Photos and specs leak of Panasonic’s upcoming BGH1 MFT video production camera
Despite rumours, Panasonic has said they aren’t quite ready to abandon the Micro Four Thirds mount just yet, and it seems that promise is coming true. Panasonic is preparing to announce a new video-focused BGH1 video camera. It has a 10.28-megapixel Micro Four Thirds sensor and while it does offer basic stills capability, it’s most definitely designed for video and Panasonic seems to be aiming it a rather specific type of customer.
Thanks to serial leakers Nokishita, we now have the complete specs and photos of BGH1 that’s expected to be announced very soon!
It appears that Panasonic is looking to compete with the likes of the Blackmagic Micro Studio 4K Camera with this one. A small boxy camera with just a lens mount and a bunch of connectivity options. According to the (Google-translated) Japanese press release…
Customizability that flexibly responds to the needs of professional video production sites, from multi-cameras to conventional shooting styles LUMIX’s first innovative box-style body is packed with the advanced video performance cultivated in the LUMIX GH series. Becoming a trend
A wide range of professionals by laying out a highly expandable interface for professional use on the body to support a certain multi-camera shooting
We support the video production site in all directions. Third-party monitors, recorders, microphones, rigs, tripods, gimbals, drones, operations by linking with ration equipment, etc., we provide a high degree of customization that meets the needs of users. Compact one-man
We can handle a wide range of tasks, from shooting to shooting sites in teams that require the operation of multiple units.
Excellent video performance that inherits the genealogy of the GH series
Google’s translation attempts notwithstanding, the description does seem to back up the idea that it’s a Micro Studio Camera competitor, offering the ability to be customised for handheld use, multi-cam in the studio, mounting on a drone, or whatever you like, really. As to whether Panasonic’s price will compete with Blackmagic is another matter entirely.
When it comes to the specs, you can read the complete list here, but here’s the overview…
- 10.28-megapixel Live MOS sensor
- 4:3 aspect ratio
- 13-stops of dynamic range (V-Log L)
- Video codecs: MOV/MP4 in both H.264/MPEG-4 8-Bit 4:2:0 and H.265/HEVC 10-Bit 4:2:2
- 4K UHD/DCI/Anamorphic resolutions at up to 59.94fps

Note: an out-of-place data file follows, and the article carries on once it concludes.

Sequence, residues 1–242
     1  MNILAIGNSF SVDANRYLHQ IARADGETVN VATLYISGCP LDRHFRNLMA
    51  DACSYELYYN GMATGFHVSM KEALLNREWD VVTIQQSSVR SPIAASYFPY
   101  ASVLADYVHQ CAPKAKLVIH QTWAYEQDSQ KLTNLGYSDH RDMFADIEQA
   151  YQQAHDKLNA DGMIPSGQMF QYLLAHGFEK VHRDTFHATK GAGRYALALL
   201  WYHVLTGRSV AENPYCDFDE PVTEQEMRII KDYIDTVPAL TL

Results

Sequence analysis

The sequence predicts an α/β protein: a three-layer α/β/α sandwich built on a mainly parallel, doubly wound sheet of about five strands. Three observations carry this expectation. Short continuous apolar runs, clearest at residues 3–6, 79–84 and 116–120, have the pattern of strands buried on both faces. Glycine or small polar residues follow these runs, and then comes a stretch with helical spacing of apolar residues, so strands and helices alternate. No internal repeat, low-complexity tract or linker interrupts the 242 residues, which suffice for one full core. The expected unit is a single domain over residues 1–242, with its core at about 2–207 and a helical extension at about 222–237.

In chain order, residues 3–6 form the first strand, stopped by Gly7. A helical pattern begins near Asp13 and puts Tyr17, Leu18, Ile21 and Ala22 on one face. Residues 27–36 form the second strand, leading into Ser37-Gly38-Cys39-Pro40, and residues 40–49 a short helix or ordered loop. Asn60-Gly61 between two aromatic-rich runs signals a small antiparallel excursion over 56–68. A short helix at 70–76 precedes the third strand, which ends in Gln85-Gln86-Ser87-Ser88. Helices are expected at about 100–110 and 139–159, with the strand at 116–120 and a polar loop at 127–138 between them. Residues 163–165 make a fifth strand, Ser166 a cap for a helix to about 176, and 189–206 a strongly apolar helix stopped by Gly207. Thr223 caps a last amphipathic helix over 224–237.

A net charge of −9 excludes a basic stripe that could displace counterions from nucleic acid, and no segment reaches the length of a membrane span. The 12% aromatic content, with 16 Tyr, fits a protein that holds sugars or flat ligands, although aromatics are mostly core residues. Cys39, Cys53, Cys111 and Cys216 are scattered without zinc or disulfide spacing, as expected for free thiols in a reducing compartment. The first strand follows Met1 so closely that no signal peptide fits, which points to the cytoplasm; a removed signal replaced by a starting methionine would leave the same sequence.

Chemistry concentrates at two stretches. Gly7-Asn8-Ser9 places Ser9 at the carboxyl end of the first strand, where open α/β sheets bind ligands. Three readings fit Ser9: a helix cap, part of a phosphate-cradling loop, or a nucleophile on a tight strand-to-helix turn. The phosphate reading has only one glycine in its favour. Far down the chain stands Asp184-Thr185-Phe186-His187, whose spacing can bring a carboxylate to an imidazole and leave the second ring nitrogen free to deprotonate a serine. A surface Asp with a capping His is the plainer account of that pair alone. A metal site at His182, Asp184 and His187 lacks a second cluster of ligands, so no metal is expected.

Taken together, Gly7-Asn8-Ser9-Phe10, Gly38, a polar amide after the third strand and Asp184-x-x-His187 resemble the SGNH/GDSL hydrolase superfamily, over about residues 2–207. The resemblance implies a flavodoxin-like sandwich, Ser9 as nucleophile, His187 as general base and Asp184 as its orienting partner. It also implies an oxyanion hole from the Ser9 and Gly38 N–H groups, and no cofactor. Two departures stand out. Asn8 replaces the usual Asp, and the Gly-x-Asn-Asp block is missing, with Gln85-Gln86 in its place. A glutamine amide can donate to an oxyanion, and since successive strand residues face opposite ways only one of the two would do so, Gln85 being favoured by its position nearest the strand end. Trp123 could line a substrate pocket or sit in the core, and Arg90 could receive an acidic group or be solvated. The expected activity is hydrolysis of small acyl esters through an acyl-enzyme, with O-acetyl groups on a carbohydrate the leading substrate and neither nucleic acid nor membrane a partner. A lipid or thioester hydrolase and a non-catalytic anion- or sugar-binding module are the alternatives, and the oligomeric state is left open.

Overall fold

- Contrast AF system with DFD
- 255 area AF with Face/Eye/Body/Animal detection
- 1,728 zone multi-pattern light meter
- Multi/Centre/Spot/Highlight weighted metering modes
- Dual native ISO (160 & 800)
- ISO 160-51,200 (80-204,800 extended)
- Shutter 1/16,000 to 1/2 second (to 1 second for stills)
- LUT & HLG support
- Anamorphic de-squeeze support
- Full-sized HDMI output (4:2:2 10-Bit or 8-Bit depending on settings)
- SDI output (4:2:2 10-Bit)
- Ethernet for remote control with (IEEE802.3 compliant) PoE+ support
- Microphone input and headphone output
- Timecode In/Out
- Genlock In
- Dual UHS-II SD card slots
- Built-in 802.11b/g/n WiFi and Bluetooth 4.2
- Dimensions: 93 x 93 x 78mm (excluding protrusions)
- Weight: 545g (approx, body only)
Interestingly, 1080p footage also only goes up to 59.94fps, and not 180fps as it does with the GH5 or GH5s. There’s also no mention of IBIS, which is probably going to be a good thing, given that most of these will likely be sitting on tripods or gimbals anyway.
It’s an interesting looking camera, for sure, but I’m more interested in exactly how much Panasonic expects people to pay for it. Given that the Blackmagic Micro Studio 4K is only just $1,320, Panasonic’s gonna have to work hard to justify any real significant increase over that. Of course, the BGH1 will shoot 4K at 60 frames per second.
John Aldred is a photographer with over 20 years of experience in the portrait and commercial worlds. He is based in Scotland and has been an early adopter – and occasional beta tester – of almost every digital imaging technology in that time. As well as his creative visual work, John uses 3D printing, electronics and programming to create his own photography and filmmaking tools and consults for a number of brands across the industry.